Russian geography students rescued from drifting ice floe

Two post-graduate students from Moscow State University were rescued on Tuesday after the ice floe they were sampling broke off and drifted out to sea. The pair had been measuring the thickness of the sheet ice covering the White Sea when the incident occurred.


The unnamed student is rescued from the ice floe

Part of a team of twelve students and two teachers from the Faculty of Geography on a short expedition to Pertominsk, a remote area in the far northwestern edge of Russia. The man and woman were separated from the rest of the group around 4pm, when strong winds caused a 12 by 16m patch of ice to break off from the shore. For the next six hours, the couple could only watch as they were carried out into the bay. It took almost an hour for their colleagues to raise the alarm with the regional rescue service based 100km away at Arkhangelsk.

With their helicopter grounded by blizzard conditions, the rescuers set off by road, towing a small amphibious boat. Because of poor road conditions, they did not expect to reach the students before midnight. At the same time, the icebreaker Dixon, itself 100km away, set sail course for the students, but found that it could not navigate the shallow waters of the bay for fear of running aground.

Finally, at 9pm, the weather lifted and a Mi-8 naval helicopter left Vaskovo airport. As the rescuers approached the bay, they spotted two lights flashing desperately in the darkness, three miles from shore. Setting down on the 40cm thick floe, the team plucked the two students to safety and returned home (see video of rescue).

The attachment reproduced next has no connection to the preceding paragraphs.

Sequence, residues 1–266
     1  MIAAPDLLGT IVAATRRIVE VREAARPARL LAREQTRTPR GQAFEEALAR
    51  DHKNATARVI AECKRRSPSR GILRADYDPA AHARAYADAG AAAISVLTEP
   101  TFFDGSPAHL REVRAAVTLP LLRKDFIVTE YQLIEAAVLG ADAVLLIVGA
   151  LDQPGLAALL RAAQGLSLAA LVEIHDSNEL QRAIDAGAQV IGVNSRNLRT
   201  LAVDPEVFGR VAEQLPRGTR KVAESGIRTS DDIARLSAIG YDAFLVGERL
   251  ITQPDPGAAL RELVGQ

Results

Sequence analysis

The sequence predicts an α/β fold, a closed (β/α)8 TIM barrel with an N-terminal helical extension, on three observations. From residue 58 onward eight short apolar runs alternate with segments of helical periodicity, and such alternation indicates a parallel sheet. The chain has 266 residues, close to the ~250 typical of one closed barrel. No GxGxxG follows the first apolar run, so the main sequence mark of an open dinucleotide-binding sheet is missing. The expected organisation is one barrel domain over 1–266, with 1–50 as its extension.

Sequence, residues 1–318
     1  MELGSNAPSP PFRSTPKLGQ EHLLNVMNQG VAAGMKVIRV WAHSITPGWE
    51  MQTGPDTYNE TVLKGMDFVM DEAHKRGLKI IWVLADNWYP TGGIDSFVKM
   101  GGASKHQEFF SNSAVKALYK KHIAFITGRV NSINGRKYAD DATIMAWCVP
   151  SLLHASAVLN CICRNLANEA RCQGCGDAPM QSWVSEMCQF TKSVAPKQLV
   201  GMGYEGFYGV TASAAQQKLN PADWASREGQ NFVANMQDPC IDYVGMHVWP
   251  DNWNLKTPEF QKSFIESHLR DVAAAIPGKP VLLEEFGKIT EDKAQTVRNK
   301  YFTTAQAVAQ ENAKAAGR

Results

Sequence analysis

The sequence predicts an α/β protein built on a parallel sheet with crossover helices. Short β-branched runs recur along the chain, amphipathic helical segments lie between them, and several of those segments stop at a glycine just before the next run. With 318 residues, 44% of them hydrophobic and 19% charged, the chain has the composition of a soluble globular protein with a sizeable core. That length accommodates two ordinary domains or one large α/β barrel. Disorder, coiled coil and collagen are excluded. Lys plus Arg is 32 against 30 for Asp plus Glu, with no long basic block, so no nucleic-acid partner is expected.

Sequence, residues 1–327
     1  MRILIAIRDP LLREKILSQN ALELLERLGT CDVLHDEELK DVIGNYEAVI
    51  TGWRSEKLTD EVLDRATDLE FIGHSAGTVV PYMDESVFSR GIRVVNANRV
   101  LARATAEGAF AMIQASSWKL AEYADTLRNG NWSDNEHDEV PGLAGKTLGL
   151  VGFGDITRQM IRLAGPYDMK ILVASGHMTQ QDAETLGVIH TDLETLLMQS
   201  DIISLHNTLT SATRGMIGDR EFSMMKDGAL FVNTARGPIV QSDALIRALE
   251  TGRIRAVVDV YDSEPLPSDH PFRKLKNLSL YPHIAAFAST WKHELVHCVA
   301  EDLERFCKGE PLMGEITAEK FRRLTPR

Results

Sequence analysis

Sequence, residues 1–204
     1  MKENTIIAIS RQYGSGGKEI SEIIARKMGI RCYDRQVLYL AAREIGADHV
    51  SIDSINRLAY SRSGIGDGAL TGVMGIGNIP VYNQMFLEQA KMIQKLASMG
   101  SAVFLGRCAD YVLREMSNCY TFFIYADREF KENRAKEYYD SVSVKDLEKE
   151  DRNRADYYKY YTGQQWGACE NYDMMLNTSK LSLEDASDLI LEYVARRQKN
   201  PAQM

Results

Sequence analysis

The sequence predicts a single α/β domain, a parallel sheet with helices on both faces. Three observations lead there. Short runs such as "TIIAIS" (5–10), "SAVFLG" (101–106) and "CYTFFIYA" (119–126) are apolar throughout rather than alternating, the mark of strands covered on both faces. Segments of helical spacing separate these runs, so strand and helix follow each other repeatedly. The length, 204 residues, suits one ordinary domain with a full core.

The pair had built a small shelter on the floe out of snow and ski poles. They were in good spirits and told rescuers they had kept warm during their six hour voyage by running, dancing and singing songs.

Source: The Russian Ministry of Civil Defence


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Do we really believe that they kept warm by 'running, dancing and singing songs', when their demise may have been imminent?

Maybe I'm too cynical; heh, maybe I know British students too well.

Uh, maybe they should have measured the ice a little more accurately...

@3. Paul Burnett

The students were measuring sheet ice so I imagine it's something that could traverse both ice and water. Googling the original Russian phrase каÑеÑом-амÑибией turns up some likely examples.

каÑеÑ-амÑибий means hovercraft.